• Eslam M.
      • Newsome P.N.
      • Sarin S.K.
      • Anstee Q.M.
      • Targher G.
      • Romero-Gomez M.
      • et al.
      A new definition for metabolic dysfunction-associated fatty liver disease: an international expert consensus statement.
      ]. The newly proposed diagnostic criteria for MAFLD are based on the evidence of hepatic steatosis, and the coexistence of overweight/obesity or T2DM; or in lean/normal weight subjects, the presence of hepatic steatosis and the coexistence of two other risk factors related to metabolic dysregulation [
      • Eslam M.
      • Newsome P.N.
      • Sarin S.K.
      • Anstee Q.M.
      • Targher G.
      • Romero-Gomez M.
      • et al.
      A new definition for metabolic dysfunction-associated fatty liver disease: an international expert consensus statement.
      ]. Additionally, MAFLD can be diagnosed regardless of daily alcohol consumption and other concomitant liver diseases. Therefore, MAFLD has been proposed as a more appropriate term to describe the liver disease associated with underlying metabolic dysfunction [
      • Eslam M.
      • Sanyal A.J.
      • George J.
      • International Consensus P
      MAFLD: a consensus-driven proposed nomenclature for metabolic associated fatty liver disease.
      ,
      • Tilg H.
      • Effenberger M.
      From NAFLD to MAFLD: when pathophysiology succeeds.
      ,
      • Fouad Y.
      • Waked I.
      • Bollipo S.
      • Gomaa A.
      • Ajlouni Y.
      • Attia D.
      What’s in a name? Renaming ‘NAFLD’ to ‘MAFLD’.
      ,
      • Zheng K.I.
      • Gao F.
      • Wang X.B.
      • Sun Q.F.
      • Pan K.H.
      • Wang T.Y.
      • et al.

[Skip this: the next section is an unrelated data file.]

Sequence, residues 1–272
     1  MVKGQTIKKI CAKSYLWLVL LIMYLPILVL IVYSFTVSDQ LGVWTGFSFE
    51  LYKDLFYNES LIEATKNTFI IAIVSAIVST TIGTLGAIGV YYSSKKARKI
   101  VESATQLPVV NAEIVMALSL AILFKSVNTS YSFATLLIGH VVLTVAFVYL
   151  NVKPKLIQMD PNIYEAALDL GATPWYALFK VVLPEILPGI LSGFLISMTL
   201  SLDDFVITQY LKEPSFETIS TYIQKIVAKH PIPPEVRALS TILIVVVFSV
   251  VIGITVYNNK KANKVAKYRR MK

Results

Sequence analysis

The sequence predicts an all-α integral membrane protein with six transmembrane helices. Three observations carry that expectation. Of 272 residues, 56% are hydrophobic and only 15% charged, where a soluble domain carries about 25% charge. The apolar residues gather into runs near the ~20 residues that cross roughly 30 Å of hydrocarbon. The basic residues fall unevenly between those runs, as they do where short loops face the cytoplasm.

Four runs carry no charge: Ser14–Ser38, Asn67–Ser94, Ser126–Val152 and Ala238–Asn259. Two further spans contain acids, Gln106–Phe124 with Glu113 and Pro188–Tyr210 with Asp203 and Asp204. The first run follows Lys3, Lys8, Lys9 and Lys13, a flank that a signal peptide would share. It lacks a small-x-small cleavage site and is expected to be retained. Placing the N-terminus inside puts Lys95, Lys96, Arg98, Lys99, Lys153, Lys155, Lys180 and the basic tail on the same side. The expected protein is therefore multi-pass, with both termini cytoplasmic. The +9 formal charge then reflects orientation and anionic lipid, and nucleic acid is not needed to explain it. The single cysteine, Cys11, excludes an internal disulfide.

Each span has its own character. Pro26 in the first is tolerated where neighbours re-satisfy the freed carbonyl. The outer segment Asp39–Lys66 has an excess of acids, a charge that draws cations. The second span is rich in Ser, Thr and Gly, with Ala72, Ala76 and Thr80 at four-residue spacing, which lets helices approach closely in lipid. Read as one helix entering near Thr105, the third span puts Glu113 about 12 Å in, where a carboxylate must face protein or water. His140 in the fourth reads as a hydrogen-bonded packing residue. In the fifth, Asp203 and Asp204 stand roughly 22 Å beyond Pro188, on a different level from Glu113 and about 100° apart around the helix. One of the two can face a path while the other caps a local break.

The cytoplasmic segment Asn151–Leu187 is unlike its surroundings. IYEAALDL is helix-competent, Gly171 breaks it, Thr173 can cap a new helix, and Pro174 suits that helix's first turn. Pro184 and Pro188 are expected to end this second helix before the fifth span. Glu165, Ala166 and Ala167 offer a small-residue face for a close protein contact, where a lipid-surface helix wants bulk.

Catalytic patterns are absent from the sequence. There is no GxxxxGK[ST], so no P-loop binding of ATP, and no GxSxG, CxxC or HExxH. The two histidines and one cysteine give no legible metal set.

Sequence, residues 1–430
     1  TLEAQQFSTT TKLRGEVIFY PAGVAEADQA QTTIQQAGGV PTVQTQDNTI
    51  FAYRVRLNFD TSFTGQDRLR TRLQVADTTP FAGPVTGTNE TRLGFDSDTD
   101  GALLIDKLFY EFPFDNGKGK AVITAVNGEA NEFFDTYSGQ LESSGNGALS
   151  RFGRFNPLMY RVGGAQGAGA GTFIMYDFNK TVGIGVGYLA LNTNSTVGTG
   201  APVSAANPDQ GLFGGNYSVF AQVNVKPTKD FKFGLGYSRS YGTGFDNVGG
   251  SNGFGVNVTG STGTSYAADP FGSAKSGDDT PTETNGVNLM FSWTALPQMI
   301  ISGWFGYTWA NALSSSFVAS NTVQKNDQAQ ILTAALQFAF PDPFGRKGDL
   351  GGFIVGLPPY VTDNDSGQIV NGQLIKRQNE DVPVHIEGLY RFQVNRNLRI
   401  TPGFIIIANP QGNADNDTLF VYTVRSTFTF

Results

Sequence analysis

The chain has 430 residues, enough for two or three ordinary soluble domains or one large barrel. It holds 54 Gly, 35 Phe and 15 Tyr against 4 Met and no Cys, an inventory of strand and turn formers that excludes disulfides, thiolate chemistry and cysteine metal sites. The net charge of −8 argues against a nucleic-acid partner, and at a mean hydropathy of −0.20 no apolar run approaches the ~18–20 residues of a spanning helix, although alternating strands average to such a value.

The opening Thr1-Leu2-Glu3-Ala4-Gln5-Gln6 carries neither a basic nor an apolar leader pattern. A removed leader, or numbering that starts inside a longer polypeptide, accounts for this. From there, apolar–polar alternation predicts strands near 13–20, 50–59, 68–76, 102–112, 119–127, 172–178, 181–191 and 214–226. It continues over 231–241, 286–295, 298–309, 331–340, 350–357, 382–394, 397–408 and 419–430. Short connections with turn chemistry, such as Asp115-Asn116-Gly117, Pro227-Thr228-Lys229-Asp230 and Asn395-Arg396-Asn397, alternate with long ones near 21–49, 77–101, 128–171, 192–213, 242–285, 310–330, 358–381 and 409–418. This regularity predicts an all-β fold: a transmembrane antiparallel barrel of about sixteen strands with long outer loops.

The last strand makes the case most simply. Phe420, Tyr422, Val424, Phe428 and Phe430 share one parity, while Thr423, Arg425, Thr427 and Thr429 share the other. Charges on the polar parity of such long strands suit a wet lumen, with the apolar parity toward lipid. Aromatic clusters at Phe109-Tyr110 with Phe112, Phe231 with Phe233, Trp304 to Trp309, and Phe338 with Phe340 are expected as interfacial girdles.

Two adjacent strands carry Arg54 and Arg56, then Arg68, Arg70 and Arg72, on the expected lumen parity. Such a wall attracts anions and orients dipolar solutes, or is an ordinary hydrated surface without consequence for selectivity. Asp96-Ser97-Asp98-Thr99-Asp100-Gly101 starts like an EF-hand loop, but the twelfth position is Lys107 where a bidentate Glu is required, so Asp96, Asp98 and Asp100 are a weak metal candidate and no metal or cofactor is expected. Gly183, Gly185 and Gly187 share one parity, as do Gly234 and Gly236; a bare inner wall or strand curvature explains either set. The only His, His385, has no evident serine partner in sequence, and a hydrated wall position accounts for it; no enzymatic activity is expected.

Letter to the editor: obesity as a risk factor for greater severity of COVID-19 in patients with metabolic associated fatty liver disease.
      ].
      Recently, the definition of MAFLD has been tested and validated in the third National Health and Nutrition Examination Surveys (NHANES-III 1988–1994) database, and it was confirmed that MAFLD was a more practical and accurate definition for identifying patients with fatty liver at high risk of liver disease progression compared to NAFLD [
      • Lin S.
      • Huang J.
      • Wang M.
      • Kumar R.
      • Liu Y.
      • Liu S.
      • et al.
      Comparison of MAFLD and NAFLD diagnostic criteria in real world.
      ]. Thus, MAFLD comprises a new set of diagnostic criteria, which is different from, but may in due course replace, NAFLD [
      • Zheng K.I.
      • Eslam M.
      • George J.
      • Zheng M.H.
      When a new definition overhauls perceptions of MAFLD related cirrhosis care.
      ]. Whereas it is becoming established that NAFLD is a ‘multisystem’ disease [
      • Byrne C.D.
      • Targher G.
      NAFLD: a multisystem disease.
      ], the relationship between MAFLD and extra-hepatic diseases is currently not known. To date, whether the renaming of NAFLD to MAFLD can better identify patients at higher risk of having CKD (i.e., an important NAFLD-related extra-hepatic complication) is uncertain.
      Therefore, using the NHANES-III database, we aimed to compare the prevalence of CKD in patients diagnosed by either MAFLD or NAFLD definitions; and then to examine the association between the presence and severity of MAFLD (assessed by non-invasive liver fibrosis scores) and risk of both prevalent CKD and abnormal albuminuria.

      2. Materials and methods

      2.1 Study design

      Our analysis is based upon cross-sectional data from the NHANES database 1988–1994, which is a nationally representative survey, frequently used for the study on NAFLD [
      • Alvarez C.S.
      • Graubard B.I.
      • Thistle J.E.
      • Petrick J.L.
      • McGlynn K.A.
      Attributable fractions of NAFLD for mortality in the United States: results from NHANES III with 27 years of follow-up.
      ,
      • National Center for Health Statistics
      • Centers for Disease Control and Prevention
      The thirdNational Health and Nutrition Examination Survey, NHANES III (1988–1994).